The leather-upholstered and wood-accented cabin is genuinely luxurious in look and feel. Standard front seats are heated and ventilated, and have 10-way power adjustment. The driver gets memory settings for seat, steering-wheel, and exterior-mirror positions. Other built-in amenities include a 12-speaker audio system, navigation system, 8-inch display screen, dual-zone automatic climate control, push-button starting, tilt/telescoping steering column, blind-spot monitor, rear cross-traffic alert, and Lexus Enform Safety Connect remote emergency notification. Newly standard is the Lexus Safety System +, which includes pre-collision braking, pedestrian detection, lane-departure warning and mitigation, and adaptive cruise control.
Driving controls are easy to see, reach, and manipulate—thumb buttons on the steering wheel govern a vehicle-information display between the main gauges. However, the navigation and entertainment systems are dependent on Lexus’ now-familiar Remote Touch infotainment interface. Equipped with a mouselike device on the console that allows drivers to locate and “press” a virtual button for the task they want carried out, Remote Touch works well enough, but there are numerous choices presented on the screen. Getting to the desired thing undeniably requires some driver attention that would be better spent concentrating on the road ahead. (What’s the worry? You’ve got pre-collision braking, right?) Climate controls use a separate bank of numerous buttons, including repetitive-push temperature buttons. Dials would be better.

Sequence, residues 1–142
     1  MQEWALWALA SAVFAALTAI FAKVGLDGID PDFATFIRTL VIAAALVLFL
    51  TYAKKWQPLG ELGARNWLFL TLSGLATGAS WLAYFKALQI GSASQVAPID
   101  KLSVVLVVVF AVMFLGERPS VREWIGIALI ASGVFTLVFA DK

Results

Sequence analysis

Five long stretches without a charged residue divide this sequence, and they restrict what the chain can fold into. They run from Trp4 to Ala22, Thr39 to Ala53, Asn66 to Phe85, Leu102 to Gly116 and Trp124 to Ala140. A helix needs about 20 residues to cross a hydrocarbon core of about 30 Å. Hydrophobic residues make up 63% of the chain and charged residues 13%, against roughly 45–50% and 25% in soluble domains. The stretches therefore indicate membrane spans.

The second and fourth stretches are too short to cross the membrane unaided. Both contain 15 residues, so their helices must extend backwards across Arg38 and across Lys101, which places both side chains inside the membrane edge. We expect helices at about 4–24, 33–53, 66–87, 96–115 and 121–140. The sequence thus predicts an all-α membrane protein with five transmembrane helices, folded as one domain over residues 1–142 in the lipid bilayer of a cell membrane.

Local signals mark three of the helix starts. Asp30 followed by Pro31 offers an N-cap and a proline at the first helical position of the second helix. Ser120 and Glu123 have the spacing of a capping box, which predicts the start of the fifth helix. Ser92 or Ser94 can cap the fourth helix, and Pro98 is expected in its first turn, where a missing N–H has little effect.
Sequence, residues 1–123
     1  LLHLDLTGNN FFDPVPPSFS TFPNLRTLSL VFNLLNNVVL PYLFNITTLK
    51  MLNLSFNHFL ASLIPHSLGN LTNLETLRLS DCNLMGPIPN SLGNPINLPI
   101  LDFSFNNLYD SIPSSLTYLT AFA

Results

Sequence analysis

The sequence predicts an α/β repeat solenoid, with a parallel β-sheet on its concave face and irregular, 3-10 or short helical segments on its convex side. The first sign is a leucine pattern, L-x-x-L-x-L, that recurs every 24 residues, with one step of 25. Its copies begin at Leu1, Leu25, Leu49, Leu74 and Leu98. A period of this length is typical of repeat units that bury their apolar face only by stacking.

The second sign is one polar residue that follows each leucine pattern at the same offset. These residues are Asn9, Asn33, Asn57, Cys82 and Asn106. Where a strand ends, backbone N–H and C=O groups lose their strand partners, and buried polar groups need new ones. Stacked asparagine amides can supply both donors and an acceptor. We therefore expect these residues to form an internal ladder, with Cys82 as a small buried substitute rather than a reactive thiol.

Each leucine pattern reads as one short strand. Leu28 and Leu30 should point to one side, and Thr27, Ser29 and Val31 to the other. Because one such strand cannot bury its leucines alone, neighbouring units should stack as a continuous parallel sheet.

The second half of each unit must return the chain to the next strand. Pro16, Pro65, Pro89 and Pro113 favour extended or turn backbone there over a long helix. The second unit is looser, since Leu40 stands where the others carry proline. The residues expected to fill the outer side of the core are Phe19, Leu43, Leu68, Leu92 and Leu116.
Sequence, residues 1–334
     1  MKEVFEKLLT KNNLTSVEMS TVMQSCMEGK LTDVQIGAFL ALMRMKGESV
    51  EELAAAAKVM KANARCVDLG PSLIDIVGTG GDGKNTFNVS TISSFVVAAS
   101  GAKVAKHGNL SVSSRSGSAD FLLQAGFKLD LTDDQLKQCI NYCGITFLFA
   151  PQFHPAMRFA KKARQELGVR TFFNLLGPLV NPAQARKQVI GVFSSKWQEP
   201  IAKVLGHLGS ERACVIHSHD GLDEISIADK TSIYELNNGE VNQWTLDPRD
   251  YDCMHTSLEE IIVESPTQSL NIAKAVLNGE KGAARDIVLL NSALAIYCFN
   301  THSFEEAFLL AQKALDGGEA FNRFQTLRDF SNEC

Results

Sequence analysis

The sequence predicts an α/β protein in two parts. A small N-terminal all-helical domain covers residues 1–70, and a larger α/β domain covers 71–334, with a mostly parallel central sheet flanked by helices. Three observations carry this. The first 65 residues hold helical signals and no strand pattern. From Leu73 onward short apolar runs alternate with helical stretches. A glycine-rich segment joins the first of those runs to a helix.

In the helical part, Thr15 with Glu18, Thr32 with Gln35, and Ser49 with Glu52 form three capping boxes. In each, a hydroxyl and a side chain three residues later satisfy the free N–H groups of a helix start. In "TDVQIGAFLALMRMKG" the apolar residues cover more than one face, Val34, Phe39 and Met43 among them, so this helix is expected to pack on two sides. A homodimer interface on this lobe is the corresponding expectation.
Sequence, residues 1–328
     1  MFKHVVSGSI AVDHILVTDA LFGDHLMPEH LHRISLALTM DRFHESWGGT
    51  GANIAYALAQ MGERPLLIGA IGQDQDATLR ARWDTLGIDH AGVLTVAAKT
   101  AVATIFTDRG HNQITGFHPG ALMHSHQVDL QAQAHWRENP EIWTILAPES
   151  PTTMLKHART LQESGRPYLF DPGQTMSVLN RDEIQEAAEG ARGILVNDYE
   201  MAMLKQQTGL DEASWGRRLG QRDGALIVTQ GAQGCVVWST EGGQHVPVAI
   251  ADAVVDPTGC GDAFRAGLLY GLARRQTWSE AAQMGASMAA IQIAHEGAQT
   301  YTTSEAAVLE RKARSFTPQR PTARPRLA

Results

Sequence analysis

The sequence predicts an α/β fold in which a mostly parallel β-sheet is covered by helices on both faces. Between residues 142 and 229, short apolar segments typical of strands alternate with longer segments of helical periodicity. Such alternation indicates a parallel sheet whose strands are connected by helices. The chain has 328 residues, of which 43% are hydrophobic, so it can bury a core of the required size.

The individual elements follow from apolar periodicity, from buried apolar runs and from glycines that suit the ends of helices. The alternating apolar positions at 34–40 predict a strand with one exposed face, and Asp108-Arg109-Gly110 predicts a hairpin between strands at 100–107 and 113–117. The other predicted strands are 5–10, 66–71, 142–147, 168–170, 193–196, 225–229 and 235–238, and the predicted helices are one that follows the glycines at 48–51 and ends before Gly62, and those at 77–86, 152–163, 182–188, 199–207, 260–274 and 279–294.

Interior storage is good. In front there is a pretty big glove box and nice-sized covered console box with a power point and auxiliary/USB inputs, long flipper-type front-door pockets, a small open bin ahead of the shifter, a pull-out tray to the left of the steering wheel, and a floor-level bin on the passenger side of the transmission hump. Rear storage consists of small door bins, pouches on the backs of the front seats, a small open space in the back of the console, and a covered bin and pop-up cup holders in the pull-down center armrest. Two open cup holders serve front passengers, and one has a bottom that can be depressed to make more room for taller cups. Thin A-pillars contribute to driver vision that is good to all but the far rear corners. Step-in height is a little elevated but not overly so.
The test vehicle started at $53,035, and even with six individual options and delivery folded in, the truck was capped at $57,274. From a cost standpoint, the 450h and its F Sport variant (base price $56,495) are attractive. Four of the competing midsize luxury SUVS are priced thousands higher, and the price of the fifth, the Acura MDX Sport Hybrid, was not released when this was written. That might make the RX 450h look better to all but the most opinionated styling critics.